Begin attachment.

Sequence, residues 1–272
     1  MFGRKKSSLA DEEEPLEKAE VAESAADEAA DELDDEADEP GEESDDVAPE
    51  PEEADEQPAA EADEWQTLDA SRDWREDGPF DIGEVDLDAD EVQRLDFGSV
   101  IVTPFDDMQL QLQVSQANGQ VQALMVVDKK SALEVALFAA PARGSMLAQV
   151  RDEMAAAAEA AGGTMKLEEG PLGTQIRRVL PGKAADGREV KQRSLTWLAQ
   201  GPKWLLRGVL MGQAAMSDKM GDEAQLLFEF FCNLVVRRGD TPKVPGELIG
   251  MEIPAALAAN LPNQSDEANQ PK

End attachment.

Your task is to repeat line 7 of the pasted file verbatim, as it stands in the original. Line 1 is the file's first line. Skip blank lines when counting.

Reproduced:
   251  MEIPAALAAN LPNQSDEANQ PK